- Only eight of Tesla’s nationwide 1,400 Supercharger stations are open to non-Teslas so far
- The White House announced on February 15 that Tesla would make at least 7,500 of its fast chargers available to all EVs by the end of 2024
- Tesla plans to double the size of its network by 2024, which will make it eligible for federal tax credits
Thousands of non-Tesla electric vehicle drivers were excited to learn recently that they could access the EV pioneer’s well-known fast-charging network across the U.S. We have colleagues in America driving a mix of EVs from an Audi e-tron RS to a Kia EV6, but the reality is far from favorable.
After researching available charging sites, it turns out that only eight of Tesla’s nationwide 1,400 Supercharger stations are open to non-Teslas so far. Specifically, six of them are in upstate New York, and only two are accessible in California, the country’s largest EV market. Such news kind of crushed the reality. Many thought that their regular trips to slowish charging stations was a thing of the past after hearing of Tesla’s philanthropic gesture. As many EV users know, Tesla’s Superchargers offer up to 250kW of charging capacity, meaning that a car can be charged from 10% to 80% in around 15 minutes.
The move to give EV users broader access to Tesla’s nationwide charging network is one way the Biden administration hopes to stimulate EV adoption. As of early March, Tesla has an estimated 17,500 Supercharger plugs across the United States. In addition to these fast-charging facilities, there are thousands more slower “destination” Tesla chargers at places like hotels, restaurants and convenience stores. These chargers can take anywhere from an hour to eight hours to charge a car.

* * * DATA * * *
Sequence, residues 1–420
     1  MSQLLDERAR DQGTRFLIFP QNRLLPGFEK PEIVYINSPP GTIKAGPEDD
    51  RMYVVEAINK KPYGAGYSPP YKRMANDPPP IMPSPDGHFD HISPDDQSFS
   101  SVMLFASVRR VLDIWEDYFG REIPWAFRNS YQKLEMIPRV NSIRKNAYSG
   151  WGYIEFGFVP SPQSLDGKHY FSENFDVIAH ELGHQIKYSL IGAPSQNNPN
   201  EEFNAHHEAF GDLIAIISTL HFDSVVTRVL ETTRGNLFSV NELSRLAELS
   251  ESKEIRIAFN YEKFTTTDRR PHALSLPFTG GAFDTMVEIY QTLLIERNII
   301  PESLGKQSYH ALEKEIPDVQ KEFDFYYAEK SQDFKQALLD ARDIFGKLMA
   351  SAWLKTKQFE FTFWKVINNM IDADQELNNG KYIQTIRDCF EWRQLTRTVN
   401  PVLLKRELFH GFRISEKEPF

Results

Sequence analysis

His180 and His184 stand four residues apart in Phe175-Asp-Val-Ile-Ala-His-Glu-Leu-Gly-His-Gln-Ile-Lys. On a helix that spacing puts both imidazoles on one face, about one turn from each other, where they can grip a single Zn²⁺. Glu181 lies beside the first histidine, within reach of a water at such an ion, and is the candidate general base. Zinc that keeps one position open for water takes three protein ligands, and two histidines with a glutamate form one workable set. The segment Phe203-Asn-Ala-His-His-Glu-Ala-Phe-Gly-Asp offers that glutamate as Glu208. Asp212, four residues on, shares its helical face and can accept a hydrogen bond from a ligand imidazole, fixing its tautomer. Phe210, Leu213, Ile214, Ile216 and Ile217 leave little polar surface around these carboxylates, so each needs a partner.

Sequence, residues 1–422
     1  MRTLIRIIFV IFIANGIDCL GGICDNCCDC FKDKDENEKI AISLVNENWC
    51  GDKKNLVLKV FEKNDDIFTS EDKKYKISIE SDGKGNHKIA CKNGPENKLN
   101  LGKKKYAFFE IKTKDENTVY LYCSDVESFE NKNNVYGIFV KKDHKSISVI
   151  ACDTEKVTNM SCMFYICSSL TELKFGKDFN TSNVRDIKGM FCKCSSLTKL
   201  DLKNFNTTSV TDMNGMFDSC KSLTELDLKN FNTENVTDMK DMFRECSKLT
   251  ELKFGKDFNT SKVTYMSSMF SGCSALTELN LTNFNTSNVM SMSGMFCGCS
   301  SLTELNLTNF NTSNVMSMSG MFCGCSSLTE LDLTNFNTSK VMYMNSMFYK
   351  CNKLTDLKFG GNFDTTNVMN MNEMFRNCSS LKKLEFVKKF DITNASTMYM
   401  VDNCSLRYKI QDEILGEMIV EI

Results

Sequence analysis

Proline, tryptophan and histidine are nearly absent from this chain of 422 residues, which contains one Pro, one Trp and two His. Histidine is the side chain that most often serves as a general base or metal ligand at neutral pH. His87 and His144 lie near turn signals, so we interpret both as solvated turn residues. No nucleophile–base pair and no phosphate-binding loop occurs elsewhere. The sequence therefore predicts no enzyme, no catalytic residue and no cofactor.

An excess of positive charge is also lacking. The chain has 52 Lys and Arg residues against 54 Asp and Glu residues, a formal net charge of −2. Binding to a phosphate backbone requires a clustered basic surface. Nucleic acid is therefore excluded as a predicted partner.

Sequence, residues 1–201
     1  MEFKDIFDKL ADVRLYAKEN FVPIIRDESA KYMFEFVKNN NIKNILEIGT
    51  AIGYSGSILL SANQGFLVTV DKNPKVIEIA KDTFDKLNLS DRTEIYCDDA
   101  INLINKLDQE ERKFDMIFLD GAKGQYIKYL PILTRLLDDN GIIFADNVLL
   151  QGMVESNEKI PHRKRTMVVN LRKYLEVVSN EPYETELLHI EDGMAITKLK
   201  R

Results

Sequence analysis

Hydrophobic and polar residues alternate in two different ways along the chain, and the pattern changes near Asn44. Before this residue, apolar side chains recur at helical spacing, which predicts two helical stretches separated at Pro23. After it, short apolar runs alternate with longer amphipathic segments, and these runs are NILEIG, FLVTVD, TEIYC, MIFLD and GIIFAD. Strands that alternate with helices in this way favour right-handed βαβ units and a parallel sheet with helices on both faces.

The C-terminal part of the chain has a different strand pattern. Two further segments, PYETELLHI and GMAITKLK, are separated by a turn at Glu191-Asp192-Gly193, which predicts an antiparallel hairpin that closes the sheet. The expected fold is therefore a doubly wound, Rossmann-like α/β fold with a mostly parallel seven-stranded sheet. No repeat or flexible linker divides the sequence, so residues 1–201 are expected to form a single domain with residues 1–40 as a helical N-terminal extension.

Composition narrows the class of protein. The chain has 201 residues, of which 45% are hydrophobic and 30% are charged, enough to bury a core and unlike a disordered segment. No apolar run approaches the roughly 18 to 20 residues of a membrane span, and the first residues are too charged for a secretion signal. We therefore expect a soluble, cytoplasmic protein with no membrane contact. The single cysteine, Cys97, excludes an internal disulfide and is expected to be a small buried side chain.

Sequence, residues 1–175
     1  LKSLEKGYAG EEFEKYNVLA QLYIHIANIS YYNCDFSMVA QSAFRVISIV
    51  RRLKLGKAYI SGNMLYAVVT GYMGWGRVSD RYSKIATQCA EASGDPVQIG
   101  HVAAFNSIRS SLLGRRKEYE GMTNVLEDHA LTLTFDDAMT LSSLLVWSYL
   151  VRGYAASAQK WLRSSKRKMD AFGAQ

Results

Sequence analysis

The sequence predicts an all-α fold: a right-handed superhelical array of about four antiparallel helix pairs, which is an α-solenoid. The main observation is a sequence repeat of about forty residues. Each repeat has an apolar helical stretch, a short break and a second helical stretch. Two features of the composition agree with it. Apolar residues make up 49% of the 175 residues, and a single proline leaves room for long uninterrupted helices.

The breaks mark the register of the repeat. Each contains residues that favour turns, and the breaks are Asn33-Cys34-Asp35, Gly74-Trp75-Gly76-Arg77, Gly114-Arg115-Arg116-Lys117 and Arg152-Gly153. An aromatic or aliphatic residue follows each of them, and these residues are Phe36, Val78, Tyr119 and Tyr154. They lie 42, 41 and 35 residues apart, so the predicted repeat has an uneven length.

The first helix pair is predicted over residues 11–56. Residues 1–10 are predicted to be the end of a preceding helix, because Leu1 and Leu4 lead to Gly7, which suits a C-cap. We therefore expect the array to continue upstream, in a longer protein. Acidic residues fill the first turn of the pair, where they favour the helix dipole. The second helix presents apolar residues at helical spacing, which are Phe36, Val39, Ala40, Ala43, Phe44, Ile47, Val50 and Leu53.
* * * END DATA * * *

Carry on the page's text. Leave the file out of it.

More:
To further enhance EV interest, the White House announced on February 15 that Tesla would make at least 7,500 of its fast chargers available to all EVs by the end of 2024. Our question is—why does it take that long? Why do EV users have to wait a year to get access to Tesla’s network? This network of course includes at least 3,500 plugs at new and existing 250-kW Superchargers. The remainder will be destination chargers.
Tesla also plans to double the size of its network by 2024, which will make it eligible for federal tax credits. At this rate, Tesla’s charging network will remain a competitive advantage for a long time.
When Tesla announced that it would make its industry-leading Superchargers available to non-Tesla users, the whole industry jumped for joy. Why? Because the vast majority of non-Tesla fast chargers don’t get anywhere near the industry standard of 250kW, so getting access to such an advanced network would make the charging behavior of EV owners a fun place to be. It would give them more time with their families and relieve a whole lot of stress. But at present, only eight of Tesla’s nationwide 1,400 Supercharger stations are open to non-Teslas so far. Generously split, that translates as six in upstate New York, and two in California. If this is Tesla’s “guinea pig” stage, then we’d like to see them graduate from it, and offer their Supercharger service to a proper cross-section of EV users. And not just 8!